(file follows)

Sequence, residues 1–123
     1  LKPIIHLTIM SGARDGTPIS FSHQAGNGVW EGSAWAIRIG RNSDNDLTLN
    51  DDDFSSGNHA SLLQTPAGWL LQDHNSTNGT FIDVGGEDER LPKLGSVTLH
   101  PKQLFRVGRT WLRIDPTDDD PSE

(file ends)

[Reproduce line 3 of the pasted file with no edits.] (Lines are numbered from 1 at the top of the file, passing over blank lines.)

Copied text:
    51  DDDFSSGNHA SLLQTPAGWL LQDHNSTNGT FIDVGGEDER LPKLGSVTLH